- [33:41] – If a pet store or a shelter is doing it right, they are protecting the animal. Take the right path for you.
- [34:23] – There is a wealth of information on AKC’s website, including quizzes, articles, and videos to help plan.
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Thank you. Can you give me a little bit of background on how you ended up at the AKC and what the AKC is?
Well, I had a PR career long before I got to the AKC, but it winded to music, television, tech, and comedy. A wonderful opportunity to join an organization that I’m very passionate about. The AKC is a 135 going on 136 years old. It is one of the oldest animal welfare organizations in the world, and the largest purebred registry in the country. Also, we have a place in our hearts for all dogs.
We are also the governing body of the dog sport. We recognize approximately 25 or 26 sports, many of which are rescue dogs or your non-purebred dog can absolutely compete in. We have champions all across the board. We really are passionate about all things dogs. We’re an excellent resource for dog lovers, whether it be through akc.org, whether it be through AKC Marketplace, or whether it be through our OTT channel AKCTV.
We are literally dog lovers from all across the country who get to follow our passion. Our mission is to protect all dogs. We do promote the breeding of purebred dogs, of course, but our mission is to protect all dogs and make sure that they have the happiest, healthiest, and best life possible.
That is awesome when your career can line up with your passions and then everything is better when you get a dog or a pet.
Absolutely. It’s the best feeling in the world, honestly.
The process of getting a pet can be that impulsive. It’s a holiday, the kids are done with school, the kids say, “Mommy, daddy, I want a pet” 45 times in three minutes.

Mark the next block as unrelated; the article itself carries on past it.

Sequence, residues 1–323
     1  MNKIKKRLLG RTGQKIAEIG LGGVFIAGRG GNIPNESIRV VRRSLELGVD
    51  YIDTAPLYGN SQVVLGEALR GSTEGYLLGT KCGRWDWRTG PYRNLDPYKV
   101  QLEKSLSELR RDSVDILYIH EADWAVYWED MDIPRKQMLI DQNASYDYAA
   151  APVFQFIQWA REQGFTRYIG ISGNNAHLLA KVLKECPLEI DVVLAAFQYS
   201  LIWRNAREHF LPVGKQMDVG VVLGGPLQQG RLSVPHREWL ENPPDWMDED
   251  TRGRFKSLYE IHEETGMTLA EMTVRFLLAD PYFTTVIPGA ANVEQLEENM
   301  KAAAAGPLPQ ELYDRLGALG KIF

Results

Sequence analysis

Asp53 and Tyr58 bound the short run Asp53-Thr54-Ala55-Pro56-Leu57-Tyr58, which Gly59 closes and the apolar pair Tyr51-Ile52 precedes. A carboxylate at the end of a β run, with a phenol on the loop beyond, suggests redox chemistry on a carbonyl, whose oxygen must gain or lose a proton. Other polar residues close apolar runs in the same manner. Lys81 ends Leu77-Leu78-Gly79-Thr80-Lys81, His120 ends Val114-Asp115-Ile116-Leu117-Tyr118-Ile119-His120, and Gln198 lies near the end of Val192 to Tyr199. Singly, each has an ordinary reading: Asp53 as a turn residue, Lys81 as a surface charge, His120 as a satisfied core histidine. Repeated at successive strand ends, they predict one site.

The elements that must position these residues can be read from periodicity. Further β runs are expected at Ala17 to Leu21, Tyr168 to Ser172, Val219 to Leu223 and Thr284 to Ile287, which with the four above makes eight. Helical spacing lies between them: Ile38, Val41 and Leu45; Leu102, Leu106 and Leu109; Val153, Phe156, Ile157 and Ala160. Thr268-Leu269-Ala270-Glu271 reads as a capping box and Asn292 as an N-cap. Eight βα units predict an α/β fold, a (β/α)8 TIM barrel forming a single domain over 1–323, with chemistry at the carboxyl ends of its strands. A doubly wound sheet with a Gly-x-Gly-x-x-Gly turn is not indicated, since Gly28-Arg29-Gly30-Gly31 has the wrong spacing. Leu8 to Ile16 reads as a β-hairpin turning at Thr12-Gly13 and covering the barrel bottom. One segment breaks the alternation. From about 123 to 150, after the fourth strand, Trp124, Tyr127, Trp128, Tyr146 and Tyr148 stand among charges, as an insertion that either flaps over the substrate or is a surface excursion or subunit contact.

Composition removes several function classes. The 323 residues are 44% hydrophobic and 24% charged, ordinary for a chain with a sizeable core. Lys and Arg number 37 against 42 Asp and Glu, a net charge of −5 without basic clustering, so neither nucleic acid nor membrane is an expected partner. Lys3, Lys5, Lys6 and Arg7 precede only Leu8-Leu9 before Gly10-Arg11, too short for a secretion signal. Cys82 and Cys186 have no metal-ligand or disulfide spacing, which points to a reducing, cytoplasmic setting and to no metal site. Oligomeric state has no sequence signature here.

And you cracked.
You cracked, and you want to get a pet. We’ll talk about dogs because that’s your specialty.
You see dogs for sale in the newspaper, flyers on your neighborhood, websites. At least in my area, you used to be able to get dogs at pet stores. You can’t anymore. They don’t allow them. I think there are probably some good reasons—we can talk about some of those. Can you talk about like, “OK, we want to get a pet, where do we know where to go? How do we separate the backyard breeders, the puppy mills, the scams, the legitimate breeders from one another?”
The first thing you want to do before you get any kind of pet is you want to assess your lifestyle and make sure that it’s in the best interest for you to get a pet. If you work a lot or maybe you have a child that’s not necessarily the best with animals or needs to be a little bit more mature, you want to assess those things because you’re bringing a living, breathing thing into your household. That is going to change how your household and life function a bit. You want to first assess that.
Then, once you do it, you need to assess what’s in your heart? What’s in your passion? If a purebred dog, you grew up with golden retrievers, rottweilers, schnauzers, or beagles, and you know what, that’s what you want to bring into your household. That’s wonderful. Now you’ve chosen the type of dog that you want. If you choose to go to a rescue, we also advocate for responsible rescues. Making sure that they’re doing everything possible to make sure this dog is being rehabbed in a way that can be rehomed and is best for your family.
If you’re going to choose a breeder, the first thing you want to do is you want to go to a reputable source. We have AKC Marketplace, but there are also other ones like PuppySpot, and things like that that we have done some work with in the past. You want to make sure that they actually have a compliance program. AKC is the only private registry in the country with a compliance program, which means we go out and we inspect breeders.
When you’re looking for a breeder you want to dig into their website. You want to look at what they’re breeding, how they’re breeding, what their emphasis is on. Responsible breeders’ emphasis is on health—health testing, breeding for form, breeding for function. What that means is how the dog is supposed to look and how the dog is supposed to act. You don’t want a golden retriever that acts like a Staffordshire bull terrier. You want them to have the characteristics that make you fall in love with the breed and that are best for their breed.
To that point, you also want to research your breed before you go to any kind of breeder. You want to know what that dog is and/or does. Meaning, certain dogs have very strong prey instincts, certain dogs have a howl to them. A beagle has a very distinct howl that might be a lot for an apartment complex, but might not be—it might be better for a house. You want to make sure that you know the requirements for exercising the dog and mentally stimulating the dog. When you’re looking for a breeder, you want to look at, one, who they’re affiliated with, and what they’re telling you about the dogs.